Melbourne Playback Theatre Company’s shows are all made up of real events, and they’re back for 2018 with two days of performances for all ages, with Love is Love and Imaginarium. We spoke to Artistic Director Rachel Dubois about the shows and how they came together.
Their shows are unique, as they are all devised from audience stories, with no script involve. To prepare for this, they train weekly on a Monday night in North Fitzroy.
“Our ensemble comes together and we train in different performance techniques such as improv skills, acting techniques, movement techniques, singing etc. We often have outside facilitators come in and teach us their specialist skill, but mostly we do playback with each other’s stories”, said Dubois.
“We tell stories to each other and then make theatre from them on the spot. It means we get to know each other REALLY well!”
Love is Love is an immersive piece that will share stories of love following the recent divisive and unnecessary postal vote.
“With this show we definitely want to create an event where LGBTIA+ community members can share their experiences of the recent postal vote, how the process was for them and also celebrate the outcome. We have some LGBTIA+ actors in our ensemble and we recognise that the process was pretty hard on them and their families. It was also over so quickly once the result came in as everyone in the media moved on. We want to stop for a moment, acknowledge what has happened, ask how that was for people, and reflect on the process using our unique style of theatre and storytelling” she said.
“The idea came from our ensemble member Lucy who was reflecting that there hadn’t been much space for the community to debrief the postal vote process. Overall, it’s about love for all, what love means to everyone and we encourage stories of love from all relationships”.
She’s delighted that marriage equality has finally passed in Australia, but is sad it took this long.
“The government could have had a free vote years ago and saved a lot of pain and expense for people. I’m from NZ and marriage equality was achieved years ago with minimal fuss so I was quite saddened by the lack of strong leadership from both sides of the political aisle on this issue. But I’m very glad its happened now. I hope this means I get go to more weddings! I love other people’s weddings” said Dubois.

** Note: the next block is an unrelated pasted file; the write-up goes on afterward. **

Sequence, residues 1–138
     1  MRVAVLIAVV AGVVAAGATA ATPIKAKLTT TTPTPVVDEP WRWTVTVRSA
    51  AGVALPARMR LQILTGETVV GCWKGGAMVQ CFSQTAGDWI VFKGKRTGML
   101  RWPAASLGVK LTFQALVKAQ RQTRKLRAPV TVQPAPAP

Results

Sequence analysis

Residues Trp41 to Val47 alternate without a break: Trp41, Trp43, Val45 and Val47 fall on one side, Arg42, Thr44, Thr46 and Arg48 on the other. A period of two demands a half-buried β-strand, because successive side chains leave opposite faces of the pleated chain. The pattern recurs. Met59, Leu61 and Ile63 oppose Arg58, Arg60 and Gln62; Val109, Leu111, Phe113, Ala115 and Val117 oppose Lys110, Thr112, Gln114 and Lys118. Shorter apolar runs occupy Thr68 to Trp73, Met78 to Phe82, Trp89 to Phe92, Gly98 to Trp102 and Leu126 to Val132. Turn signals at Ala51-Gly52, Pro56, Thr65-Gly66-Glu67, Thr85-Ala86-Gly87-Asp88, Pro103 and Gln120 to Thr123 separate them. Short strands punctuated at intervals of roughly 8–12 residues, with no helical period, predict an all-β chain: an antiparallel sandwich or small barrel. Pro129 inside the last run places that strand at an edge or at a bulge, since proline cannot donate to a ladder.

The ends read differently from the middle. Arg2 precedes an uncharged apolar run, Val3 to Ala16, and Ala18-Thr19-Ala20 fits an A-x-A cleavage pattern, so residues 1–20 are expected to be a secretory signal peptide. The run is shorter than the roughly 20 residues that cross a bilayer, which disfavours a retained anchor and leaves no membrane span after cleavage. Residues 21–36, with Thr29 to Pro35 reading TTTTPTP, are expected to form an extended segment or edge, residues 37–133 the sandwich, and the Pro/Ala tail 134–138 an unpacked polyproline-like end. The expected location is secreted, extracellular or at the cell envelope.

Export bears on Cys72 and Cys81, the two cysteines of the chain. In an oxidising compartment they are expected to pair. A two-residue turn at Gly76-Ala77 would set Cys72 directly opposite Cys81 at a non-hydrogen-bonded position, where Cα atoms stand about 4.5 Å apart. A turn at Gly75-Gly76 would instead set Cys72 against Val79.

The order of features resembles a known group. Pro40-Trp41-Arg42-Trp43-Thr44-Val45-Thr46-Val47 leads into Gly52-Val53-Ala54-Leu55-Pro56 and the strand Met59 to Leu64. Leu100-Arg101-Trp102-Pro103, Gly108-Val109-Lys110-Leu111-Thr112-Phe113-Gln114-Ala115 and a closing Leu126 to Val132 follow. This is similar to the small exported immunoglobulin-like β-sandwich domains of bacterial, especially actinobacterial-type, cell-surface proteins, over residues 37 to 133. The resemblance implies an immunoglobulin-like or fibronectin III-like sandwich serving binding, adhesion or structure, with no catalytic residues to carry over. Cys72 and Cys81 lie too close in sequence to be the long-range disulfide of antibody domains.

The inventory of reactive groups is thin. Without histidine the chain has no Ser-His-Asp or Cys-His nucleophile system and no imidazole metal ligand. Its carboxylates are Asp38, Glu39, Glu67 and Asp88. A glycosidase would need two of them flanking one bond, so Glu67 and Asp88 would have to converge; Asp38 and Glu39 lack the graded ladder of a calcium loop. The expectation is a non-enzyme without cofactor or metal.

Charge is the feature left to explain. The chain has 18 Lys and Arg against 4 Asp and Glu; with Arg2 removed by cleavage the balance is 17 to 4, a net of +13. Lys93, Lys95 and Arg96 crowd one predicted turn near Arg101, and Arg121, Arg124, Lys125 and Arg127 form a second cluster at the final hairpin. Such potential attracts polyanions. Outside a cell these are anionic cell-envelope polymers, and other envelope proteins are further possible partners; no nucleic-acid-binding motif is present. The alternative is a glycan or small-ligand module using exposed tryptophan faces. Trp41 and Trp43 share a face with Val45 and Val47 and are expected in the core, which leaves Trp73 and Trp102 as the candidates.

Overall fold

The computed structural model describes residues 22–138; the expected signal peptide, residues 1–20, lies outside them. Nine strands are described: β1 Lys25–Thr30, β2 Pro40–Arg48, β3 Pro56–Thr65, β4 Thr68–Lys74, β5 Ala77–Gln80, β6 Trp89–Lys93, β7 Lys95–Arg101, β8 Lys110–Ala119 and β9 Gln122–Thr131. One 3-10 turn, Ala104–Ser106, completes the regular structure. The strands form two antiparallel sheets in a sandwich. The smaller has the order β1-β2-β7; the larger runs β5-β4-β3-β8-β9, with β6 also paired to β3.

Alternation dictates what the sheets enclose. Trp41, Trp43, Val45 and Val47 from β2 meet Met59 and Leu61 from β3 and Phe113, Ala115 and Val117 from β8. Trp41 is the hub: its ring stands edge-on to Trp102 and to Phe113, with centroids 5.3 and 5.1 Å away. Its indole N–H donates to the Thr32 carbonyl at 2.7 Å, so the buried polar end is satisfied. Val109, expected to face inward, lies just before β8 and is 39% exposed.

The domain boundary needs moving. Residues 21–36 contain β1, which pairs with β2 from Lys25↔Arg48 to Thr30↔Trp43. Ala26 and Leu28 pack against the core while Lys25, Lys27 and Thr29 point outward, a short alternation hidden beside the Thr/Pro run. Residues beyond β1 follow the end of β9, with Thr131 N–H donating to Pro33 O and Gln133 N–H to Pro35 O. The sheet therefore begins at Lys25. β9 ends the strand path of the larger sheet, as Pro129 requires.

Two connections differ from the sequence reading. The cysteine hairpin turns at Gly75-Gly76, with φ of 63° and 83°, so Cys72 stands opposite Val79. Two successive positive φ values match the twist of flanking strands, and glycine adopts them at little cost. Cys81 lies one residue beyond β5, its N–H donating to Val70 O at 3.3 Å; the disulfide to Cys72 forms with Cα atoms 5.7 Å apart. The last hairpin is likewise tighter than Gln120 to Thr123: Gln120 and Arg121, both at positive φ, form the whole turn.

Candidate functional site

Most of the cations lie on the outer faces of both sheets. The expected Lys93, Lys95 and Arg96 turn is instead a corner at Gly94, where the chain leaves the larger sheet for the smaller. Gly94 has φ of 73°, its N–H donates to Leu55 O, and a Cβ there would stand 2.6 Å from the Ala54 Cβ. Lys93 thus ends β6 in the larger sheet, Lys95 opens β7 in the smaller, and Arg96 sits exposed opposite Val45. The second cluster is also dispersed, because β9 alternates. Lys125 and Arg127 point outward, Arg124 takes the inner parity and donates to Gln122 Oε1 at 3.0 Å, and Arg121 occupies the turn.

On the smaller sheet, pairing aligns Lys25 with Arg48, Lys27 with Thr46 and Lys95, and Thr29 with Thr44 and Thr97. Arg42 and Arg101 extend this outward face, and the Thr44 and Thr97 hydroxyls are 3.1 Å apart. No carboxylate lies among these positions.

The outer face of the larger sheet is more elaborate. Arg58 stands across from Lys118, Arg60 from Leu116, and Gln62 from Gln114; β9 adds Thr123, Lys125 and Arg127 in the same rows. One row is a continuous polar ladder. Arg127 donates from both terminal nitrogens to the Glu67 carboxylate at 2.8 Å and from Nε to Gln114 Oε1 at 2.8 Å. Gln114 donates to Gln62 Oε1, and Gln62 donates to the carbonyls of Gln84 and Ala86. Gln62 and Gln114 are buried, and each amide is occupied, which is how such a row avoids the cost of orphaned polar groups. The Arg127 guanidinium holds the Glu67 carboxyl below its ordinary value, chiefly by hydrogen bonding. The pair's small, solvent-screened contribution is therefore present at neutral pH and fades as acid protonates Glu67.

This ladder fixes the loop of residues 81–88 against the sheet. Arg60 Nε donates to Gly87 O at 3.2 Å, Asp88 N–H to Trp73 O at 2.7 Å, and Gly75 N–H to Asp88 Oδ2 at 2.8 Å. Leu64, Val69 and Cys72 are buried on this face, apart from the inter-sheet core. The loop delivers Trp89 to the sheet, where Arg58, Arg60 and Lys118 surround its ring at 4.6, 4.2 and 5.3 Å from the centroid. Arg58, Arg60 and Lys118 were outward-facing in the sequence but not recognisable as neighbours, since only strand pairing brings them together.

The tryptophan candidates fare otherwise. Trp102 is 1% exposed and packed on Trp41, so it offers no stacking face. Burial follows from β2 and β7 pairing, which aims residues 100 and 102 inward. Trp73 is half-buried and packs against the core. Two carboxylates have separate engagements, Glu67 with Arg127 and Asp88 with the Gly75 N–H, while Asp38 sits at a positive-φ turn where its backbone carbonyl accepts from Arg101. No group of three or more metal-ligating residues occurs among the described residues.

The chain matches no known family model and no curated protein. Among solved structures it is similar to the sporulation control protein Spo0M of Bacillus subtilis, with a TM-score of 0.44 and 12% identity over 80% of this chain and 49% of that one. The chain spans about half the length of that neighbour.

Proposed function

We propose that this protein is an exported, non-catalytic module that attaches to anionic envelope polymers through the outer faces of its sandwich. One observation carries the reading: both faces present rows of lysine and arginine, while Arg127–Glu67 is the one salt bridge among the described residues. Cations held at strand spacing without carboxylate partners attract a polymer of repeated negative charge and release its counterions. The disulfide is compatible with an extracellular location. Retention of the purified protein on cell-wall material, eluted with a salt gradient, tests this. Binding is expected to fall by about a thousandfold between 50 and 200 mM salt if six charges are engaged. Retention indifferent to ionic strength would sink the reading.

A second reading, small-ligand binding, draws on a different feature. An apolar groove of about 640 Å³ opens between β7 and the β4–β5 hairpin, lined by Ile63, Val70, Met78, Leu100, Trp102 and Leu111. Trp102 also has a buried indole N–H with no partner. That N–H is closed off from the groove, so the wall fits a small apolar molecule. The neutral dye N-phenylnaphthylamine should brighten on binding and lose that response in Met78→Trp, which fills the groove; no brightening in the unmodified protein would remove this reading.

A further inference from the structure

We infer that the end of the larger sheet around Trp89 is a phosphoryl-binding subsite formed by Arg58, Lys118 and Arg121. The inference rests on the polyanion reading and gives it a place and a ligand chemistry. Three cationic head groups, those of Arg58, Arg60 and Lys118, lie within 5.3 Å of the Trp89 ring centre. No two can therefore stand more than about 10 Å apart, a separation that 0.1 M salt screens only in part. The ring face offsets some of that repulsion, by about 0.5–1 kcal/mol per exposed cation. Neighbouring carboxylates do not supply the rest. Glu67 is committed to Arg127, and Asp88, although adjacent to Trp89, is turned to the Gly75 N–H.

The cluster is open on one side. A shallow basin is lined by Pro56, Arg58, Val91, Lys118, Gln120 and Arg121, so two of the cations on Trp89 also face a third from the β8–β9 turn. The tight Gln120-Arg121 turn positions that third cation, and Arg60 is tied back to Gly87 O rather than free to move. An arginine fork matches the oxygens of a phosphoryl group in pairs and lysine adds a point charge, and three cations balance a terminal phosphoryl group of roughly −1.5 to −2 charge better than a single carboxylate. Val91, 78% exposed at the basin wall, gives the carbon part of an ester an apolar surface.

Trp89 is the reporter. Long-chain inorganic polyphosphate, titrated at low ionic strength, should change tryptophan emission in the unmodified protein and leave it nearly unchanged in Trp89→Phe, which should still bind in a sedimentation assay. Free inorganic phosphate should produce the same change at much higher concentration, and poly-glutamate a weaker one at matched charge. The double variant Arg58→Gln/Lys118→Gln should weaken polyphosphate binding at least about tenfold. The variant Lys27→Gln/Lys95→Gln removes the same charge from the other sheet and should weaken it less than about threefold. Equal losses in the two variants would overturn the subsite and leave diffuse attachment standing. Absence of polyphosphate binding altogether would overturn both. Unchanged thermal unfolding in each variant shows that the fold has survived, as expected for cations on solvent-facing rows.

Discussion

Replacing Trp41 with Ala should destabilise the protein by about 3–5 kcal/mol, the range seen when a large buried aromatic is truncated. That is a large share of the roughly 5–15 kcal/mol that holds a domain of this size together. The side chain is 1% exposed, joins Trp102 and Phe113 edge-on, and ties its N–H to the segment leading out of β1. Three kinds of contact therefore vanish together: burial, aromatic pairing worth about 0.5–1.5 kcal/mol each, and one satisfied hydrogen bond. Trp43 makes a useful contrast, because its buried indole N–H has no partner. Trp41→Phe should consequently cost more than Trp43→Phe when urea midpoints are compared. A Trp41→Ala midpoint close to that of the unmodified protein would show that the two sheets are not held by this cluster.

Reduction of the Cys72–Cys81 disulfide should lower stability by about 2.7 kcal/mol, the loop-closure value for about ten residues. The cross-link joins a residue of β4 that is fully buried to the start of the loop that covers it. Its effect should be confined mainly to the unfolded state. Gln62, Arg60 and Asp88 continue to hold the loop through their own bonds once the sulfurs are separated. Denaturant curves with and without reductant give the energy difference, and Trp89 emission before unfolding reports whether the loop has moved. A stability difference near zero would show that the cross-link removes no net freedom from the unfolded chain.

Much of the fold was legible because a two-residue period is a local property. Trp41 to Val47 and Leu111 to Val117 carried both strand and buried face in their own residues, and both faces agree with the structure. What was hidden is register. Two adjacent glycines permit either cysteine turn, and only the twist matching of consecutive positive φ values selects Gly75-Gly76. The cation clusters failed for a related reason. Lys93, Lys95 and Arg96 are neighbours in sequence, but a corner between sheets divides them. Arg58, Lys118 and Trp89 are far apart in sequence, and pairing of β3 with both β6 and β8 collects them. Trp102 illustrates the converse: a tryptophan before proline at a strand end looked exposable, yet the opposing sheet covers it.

Don’t be afraid stepping into these performances; sharing your story and audience participation is completely voluntary.
“In our shows we have a team of actors and musicians plus a facilitator who is the host of the show. Our facilitator will aim to hear a wide range of stories from the audience. We engage the audience by firstly being entertaining and gaining people’s trust,’ she explained.
‘Stories are shared by an audience member simply talking to our facilitator who may ask a few questions; it’s usually just like having a conversation (though with an audience!). The performers and audience are listening; the performers are listening very closely. Once the story has been shared, it’s handed over to the performing team who then ‘Playback’ the story using our style of improvised theatre and live music’.
“Our team are aiming to create a piece of theatre that gets to the heart of what the story is about and they will often put a theatrical spin on it. A story might become a country and western, a noir film, a fairytale or a song. Once the story has been played back, we hear another story and so on. In a show we will hear about 10-15 stories from the audience’ she said.
Dubois shared her story of love (a hetero one), and how she might play it back in one of their shows.
“I came to Melbourne on a four-month working holiday but a friend of mine set me up with a friend of hers. We hit it off right away and I suddenly didn’t want to go home. Cut to 10 years later we are married and just had a baby. It’s been a wonderful decade of love, travel and adventure and I’m so happy we met. My mum isn’t so happy though. She still wants me home in NZ!” she said.
If I was given that story in a playback show, I might play it back as an adventure through the Himalayas, climbing a huge mountain, venturing further and further from home but finding more and more to discover”.
They are also putting on Imaginarium, a piece for little art lovers, as they love doing shows for younger people.
“Kids are so willing to share stories and they get such a thrill out of us putting an imaginative and theatrical spin on their stories. They get to be the scriptwriters of their very own performance. Of course some kids just want to watch and that’s totally fine too. But the stories kids tell have an extra element of magic to them. Its great for their parents and caregivers too, to see their little people sharing stories of their lives and having them turned into theatre” Dubois said.
Melbourne Playback Theatre Company are working on plenty more offering for this year, such as a workshop series in performance skills including stage combat, acting and movement, working on future shows, and working on projects with their corporate clients. But to catch these shows, you only have a few opportunities: Love is Love plays at 7:30pm on Saturday 17th and Sunday 18th of March, and Imaginarium on Sunday 18th at 10:3am and 2pm. Both delight at the Northcote Town Hall – more info at www.melbourneplayback.com.au/whats-on